"All animals are equal, yet some animals are more equal than others,” George Orwell famously wrote in his political satire Animal Farm, in which pigs rule over all other animals, using dogs as their foot soldiers. The novel has not lost an inch of its value in today’s “new world order.”
On July 14, the International Criminal Court (ICC) prosecutor Luis Moreno-Ocampo accused Sudanese president Omar Bashir of genocide, crimes against humanity and war crimes in Darfur. While every sane person wishes a rapid end to the tragedy that includes mass murder, rape and some 2.5 million people displaced, international prosecution of Sudan’s sitting head of state may bring more harm than good.
Legal action may not only jeopardize the UN peacekeeping operation in Sudan, but is likely to end all hopes for a negotiated settlement of the conflict. More importantly, the prosecution of Bashir may very well bury the ICC before it was even properly born.
Established by the 1998 Rome Statute, the ICC in The Hague currently has 106 member states. With the exception of Jordan, the Middle East is not represented among the signatories — a status quo unlikely to change any time soon. In order for the ICC prosecutor to investigate crimes it has to be be asked to do so by a member state or the United Nations Security Council (UNSC). Such was the case in 2005 when the UNSC adopted Resolution 1593, which referred the Darfur dossier to the ICC prosecutor.
Ironically, three out of five permanent UNSC members (Russia, China and the US) have not signed the Rome Statute and thus do not recognize the ICC’s jurisdiction. Hence the rather awkward situation has emerged that three nations refer a fourth to an international court, which none of them recognize, all the while referring to an international treaty none of them have signed.
As a consequence of this legal oddity, in Resolution 1593 the UNSC recognizes that “states not party to the Rome Statute have no obligation under the Statute,” yet ordered the Sudanese government to fully cooperate with the ICC investigation. The UNSC also determined that the ICC investigation will not be paid for by the UN, but by states who are signatories to the Rome Statute. As that does not include most permanent member states the UNSC added, “and states that wish to contribute voluntarily.”
The procedure only gains in ridicule, knowing that the driving force behind Resolution 1593 is the US, although from the start Washington has tried to torpedo the ICC. The Clinton administration hesitantly signed the Rome Statute, much to the dislike of its Republican successor, which has developed a severe allergy to the faintest of international flavors. The Bush administration could have simply not ratified the Rome Statute, yet in May 2002 it in fact decided to un-sign the treaty.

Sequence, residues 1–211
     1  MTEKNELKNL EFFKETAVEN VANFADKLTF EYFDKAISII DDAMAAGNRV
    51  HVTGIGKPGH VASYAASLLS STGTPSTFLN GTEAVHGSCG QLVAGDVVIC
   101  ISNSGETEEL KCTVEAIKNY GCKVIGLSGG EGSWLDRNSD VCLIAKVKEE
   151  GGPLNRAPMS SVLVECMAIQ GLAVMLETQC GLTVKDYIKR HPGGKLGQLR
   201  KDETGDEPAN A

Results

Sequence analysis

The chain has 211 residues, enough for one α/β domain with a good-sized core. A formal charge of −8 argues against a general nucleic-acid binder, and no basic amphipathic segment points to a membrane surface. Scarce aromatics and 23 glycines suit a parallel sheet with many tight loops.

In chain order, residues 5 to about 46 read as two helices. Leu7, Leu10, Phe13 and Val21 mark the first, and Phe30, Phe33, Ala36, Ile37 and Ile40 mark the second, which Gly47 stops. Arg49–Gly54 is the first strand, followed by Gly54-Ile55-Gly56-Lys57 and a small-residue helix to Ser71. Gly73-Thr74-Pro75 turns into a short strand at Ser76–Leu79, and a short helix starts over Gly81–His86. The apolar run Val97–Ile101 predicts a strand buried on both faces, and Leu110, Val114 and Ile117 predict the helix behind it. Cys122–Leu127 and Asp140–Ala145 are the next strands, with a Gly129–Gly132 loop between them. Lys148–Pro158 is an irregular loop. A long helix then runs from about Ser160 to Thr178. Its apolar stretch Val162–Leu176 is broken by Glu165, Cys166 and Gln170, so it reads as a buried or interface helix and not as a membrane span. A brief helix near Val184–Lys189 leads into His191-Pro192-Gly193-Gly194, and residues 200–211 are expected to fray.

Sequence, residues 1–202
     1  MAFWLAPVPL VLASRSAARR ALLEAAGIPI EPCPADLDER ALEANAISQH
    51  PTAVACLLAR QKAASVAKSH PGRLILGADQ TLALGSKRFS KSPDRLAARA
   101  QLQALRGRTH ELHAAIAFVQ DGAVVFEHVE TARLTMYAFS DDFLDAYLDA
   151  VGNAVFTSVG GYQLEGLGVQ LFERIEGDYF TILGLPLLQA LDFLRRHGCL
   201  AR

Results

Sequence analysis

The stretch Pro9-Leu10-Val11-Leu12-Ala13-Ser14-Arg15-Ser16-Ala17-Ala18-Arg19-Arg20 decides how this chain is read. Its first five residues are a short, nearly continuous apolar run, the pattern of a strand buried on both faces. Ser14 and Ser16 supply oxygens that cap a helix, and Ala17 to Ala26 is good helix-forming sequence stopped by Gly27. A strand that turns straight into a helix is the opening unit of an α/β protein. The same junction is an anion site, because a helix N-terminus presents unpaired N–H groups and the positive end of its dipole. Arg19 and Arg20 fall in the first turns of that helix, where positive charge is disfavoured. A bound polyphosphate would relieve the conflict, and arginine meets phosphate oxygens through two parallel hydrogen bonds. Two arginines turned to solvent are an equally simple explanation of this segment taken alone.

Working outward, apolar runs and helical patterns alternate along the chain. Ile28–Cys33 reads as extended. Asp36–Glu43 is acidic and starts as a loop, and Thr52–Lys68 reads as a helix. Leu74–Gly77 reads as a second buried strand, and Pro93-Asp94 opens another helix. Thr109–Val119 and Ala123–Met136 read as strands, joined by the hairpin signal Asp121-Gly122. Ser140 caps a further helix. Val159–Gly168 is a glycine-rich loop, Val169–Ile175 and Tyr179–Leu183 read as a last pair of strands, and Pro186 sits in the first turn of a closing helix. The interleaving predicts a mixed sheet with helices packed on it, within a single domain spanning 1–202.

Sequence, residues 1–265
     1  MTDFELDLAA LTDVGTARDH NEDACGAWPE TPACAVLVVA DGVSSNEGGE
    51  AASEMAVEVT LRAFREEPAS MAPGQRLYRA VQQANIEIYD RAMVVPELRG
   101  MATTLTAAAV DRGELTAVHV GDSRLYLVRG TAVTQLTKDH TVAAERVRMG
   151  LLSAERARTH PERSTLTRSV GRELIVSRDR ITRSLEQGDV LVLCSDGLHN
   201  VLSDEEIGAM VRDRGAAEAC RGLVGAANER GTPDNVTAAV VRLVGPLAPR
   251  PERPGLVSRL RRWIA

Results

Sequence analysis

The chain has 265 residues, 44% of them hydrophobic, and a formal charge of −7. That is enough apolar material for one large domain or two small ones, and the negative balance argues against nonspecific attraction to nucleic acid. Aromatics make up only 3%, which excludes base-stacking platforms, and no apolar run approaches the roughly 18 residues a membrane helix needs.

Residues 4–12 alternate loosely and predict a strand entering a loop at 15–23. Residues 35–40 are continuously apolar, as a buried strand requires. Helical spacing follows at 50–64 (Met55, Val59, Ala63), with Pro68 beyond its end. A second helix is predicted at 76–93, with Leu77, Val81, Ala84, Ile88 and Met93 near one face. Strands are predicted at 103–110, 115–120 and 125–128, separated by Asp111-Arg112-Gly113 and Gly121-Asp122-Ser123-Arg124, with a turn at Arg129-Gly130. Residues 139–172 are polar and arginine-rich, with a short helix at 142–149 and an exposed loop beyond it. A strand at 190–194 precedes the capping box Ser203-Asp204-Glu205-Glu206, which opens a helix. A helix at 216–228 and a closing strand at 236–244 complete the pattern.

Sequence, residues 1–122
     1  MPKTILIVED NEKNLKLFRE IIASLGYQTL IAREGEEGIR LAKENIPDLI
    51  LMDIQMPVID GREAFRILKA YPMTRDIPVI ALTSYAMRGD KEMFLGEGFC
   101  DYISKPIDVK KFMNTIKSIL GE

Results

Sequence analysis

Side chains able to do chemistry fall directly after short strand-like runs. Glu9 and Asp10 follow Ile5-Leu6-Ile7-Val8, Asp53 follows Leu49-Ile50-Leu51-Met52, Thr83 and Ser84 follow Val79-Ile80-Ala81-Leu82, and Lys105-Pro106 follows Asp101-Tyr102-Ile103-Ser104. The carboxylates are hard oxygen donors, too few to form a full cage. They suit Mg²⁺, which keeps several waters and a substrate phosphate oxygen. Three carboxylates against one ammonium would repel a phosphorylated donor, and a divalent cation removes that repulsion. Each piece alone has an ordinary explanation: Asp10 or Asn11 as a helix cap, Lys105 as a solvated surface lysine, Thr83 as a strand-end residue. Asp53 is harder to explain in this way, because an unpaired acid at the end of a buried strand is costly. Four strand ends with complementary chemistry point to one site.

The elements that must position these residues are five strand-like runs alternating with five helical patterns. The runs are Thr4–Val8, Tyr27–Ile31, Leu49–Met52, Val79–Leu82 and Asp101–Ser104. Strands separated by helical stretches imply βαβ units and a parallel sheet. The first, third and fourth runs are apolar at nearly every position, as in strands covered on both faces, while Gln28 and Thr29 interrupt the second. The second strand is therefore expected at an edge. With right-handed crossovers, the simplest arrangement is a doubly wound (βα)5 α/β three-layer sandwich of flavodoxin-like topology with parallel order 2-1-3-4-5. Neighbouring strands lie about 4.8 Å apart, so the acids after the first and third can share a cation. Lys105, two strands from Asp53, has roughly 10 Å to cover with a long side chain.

The US claims to be concerned with the fate of individual American peacekeepers around the globe, as they run the risk to be prosecuted “on political grounds,” even though the ICC is only authorized to judge “big” crimes, such as genocide and war crimes. According to journalist Jim Lobe, the US went on to lobby for a UNSC resolution that would exempt all American nationals from ICC jurisdiction.
The US did so by — among other measures — threatening to veto the renewal of the UN peacekeeping operation in the Balkan. Under pressure of mainly the EU, however, the US had to settle for a compromise. The UNSC adopted Resolution 1422, which exempts UN peacekeepers from prosecution, thus creating another legal anomaly: the international community has an international court, yet its own soldiers do not fall under the court’s jurisdiction.
To be absolutely certain that no American soldier will ever be tried by the ICC, Washington then adopted the American Service-Members Protection Act, which goes as far as to authorize the US President to use military force to free any US service member held by the court. And thus the legislation is also known as the “The Hague Invasion Act”
Ever since, the US has continued its opposition to the ICC by persuading third nations to sign bilateral agreements to not surrender or transfer US nationals to the ICC. On a diplomatic level, it pushes for a greater and preferably permanent role for the UNSC, which would mean that Washington could veto any ICC prosecution that does not conform with its or its allies’ interests. China and Russia will arguably be in favor of such an agreement, as they enjoy the same veto right.
Consequently, in sharp contrast with the nature of the Rome Statute, which aims to offer a system of justice for all victims of the world’s worst crimes, the ICC threatens to become a political toy in the hands of the happy few.
Peter Speetjens is a Beirut-based journalist.